Coop Prep Confusion

Discussion in 'Coop & Run - Design, Construction, & Maintenance' started by Dale B, Jan 24, 2013.

  1. Dale B

    Dale B New Egg

    Jan 23, 2013
    First post and first venture into raising laying hens
    Trying to absorb as much information as possible before my new coop arrives so I can hit the ground running.
    I'm confused by one post that I've read at another site that states that the coop needs to have aged dry compost spread on the floor then spray with water and covered with fresh grass.
    The benefit of this is that it helps to produce healthy bacterial growth that is good for the chickens.
    I plan on purchasing juvenile pullets between 9-20 weeks old.
    Is this a good idea or are there other better methods to get a new coop ready?
  2. Hokum Coco

    Hokum Coco Overrun With Chickens

    Dec 6, 2012
    New Brunswick,Canada
    Welcome aboard Dale B. You will definitely get lots of opinions and view points from this site. There are as many ideas on raising chickens as there are people on this form practically.

    Two major items to keep in mind is your geography and the breed of chickens you are keeping. Not all information will be suitable for your set up.

    I personally am partial to the Golden Comet chickens (sex link). They come under several different names depending what hatchery you get them from.
    I think it is wise to get juvenile birds in your case because it cuts down the wait time for your first egg. You chances of loss on older birds I find is reduced. That in it self shows you put some thought into this venture before you got your feet wet.

    It is nice to have another bird brain in the midst because some of us are not allowed to pursue any subject with family members that have feathers as an outside protective covering..
    Last edited: Jan 24, 2013
  3. maryhysong

    maryhysong Chillin' With My Peeps

    Aug 24, 2012
    Claypool, Arizona
    It just depends on your coop and your management style. I do deep litter over dirt floors. Simple and easy, just toss in some straw when needed. If you are going to do deep litter on a raised floor, then adding a half inch of old compost or garden soil would be a good idea to kickstart the process. Other wise just put in some straw or shavings and get going.
  4. Hokum Coco

    Hokum Coco Overrun With Chickens

    Dec 6, 2012
    New Brunswick,Canada
    That states that the coop needs to have aged dry compost spread on the floor then spray with water and covered with fresh grass. Well Dale B I personally have no experience of setting up a coop as described. It does sound reasonable from my view point and may kick start you along.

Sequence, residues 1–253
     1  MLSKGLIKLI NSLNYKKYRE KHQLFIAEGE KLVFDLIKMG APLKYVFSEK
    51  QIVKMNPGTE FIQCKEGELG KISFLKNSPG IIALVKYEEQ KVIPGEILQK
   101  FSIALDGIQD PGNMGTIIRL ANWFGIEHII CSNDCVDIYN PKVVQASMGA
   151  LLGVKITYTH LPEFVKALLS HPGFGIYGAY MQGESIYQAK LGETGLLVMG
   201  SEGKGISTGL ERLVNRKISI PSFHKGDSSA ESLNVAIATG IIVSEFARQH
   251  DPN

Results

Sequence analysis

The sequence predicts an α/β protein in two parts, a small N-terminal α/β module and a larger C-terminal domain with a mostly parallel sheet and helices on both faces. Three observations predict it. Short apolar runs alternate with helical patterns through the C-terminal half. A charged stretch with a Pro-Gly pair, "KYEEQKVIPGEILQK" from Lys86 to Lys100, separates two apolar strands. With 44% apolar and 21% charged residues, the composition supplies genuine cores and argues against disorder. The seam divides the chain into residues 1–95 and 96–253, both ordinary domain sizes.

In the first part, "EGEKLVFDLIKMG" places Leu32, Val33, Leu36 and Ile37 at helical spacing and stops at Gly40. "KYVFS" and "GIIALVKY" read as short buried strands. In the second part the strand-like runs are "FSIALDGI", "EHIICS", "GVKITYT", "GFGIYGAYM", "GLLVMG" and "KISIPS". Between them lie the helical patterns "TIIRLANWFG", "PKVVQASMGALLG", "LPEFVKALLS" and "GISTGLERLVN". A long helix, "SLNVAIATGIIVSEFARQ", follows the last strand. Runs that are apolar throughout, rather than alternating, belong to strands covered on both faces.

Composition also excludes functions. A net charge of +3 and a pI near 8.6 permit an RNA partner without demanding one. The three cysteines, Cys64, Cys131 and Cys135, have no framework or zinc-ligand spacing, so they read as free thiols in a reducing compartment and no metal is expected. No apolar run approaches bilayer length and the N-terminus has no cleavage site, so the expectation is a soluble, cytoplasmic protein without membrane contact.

You are eventually going to end up with the same result if you use some sort of bedding in your coop to soak up the moisture from the droppings.

    You could try it I can not see any harm. Personally I would just go with a dry pine shaving or something similar but that is just me. I think most of the Backyarders would agree.
    Last edited: Jan 24, 2013
  5. rendezvous1838

    rendezvous1838 Chillin' With My Peeps

    Keep It Simple

    They will be fine with some pine shavings. It makes it easier to clean up after them. The chickens won't care if there was nothing, straw, compost, or wood shavings (not cedar though)
    1 person likes this.
  6. Ridgerunner

    Ridgerunner True BYC Addict

    Feb 2, 2009
    Northwest Arkansas
    :frow Welcome to the forum! :frow Glad you joined us! :frow

    You’ll fine there are a ton of different things we do. In almost everything to do with chickens there is not one right way where everything else is wrong. There is just the way that works for us. If you read a post where someone tells you that you have to do something a certain way or civilization as we know it will forever change, you might want to get another opinion.

    I’ve never heard of putting dry aged compost down, wetting it, then covering it with hay or grass clippings. It sounds like a version of the deep litter method. There are many variations of that. Sounds like someone found a way that works for them. All I can say is good for them.

    I don’t have a clue what your coop looks like or how you plan to manage them. I don’t know if yours is a walk-in coop on the ground or an elevated coop that you can’t fit in. I don’t know if your chickens will forage or will be confined to a small area. I don’t have a clue to your climate or other restrictions. I don’t know how many chickens you plan on or how much space they will have in the coop or outside or when they will have access to the outside. There is so much I don’t know about your coop and conditions I can’t give specific advice.

    If you wish to give us some specific information about your unique conditions maybe some people can give you some suggestions.
  7. The Lazy L

    The Lazy L Chillin' With My Peeps

    Dec 16, 2011

    I've been chicken ranching for 8 months. Read everything post I could fine and even read "Chickens for Dummies".

    Your post is the first time I read aged dry compost sprayed with water and cover with fresh grass produces a healthy bacterial growth.

    Keeping in mind I've only raised 9 BOs from 2 days old to the present. All 9 are still alive and laying. All I used for bedding was wood chips from Tractor Supply.
  8. Dale B

    Dale B New Egg

    Jan 23, 2013
    Just trying to learn
    But if I need advise on saving civilization as we know it I'll certainly come to you with all the right info
  9. canesisters

    canesisters Chillin' With My Peeps

    Aug 18, 2011

    and welcome to BYC!

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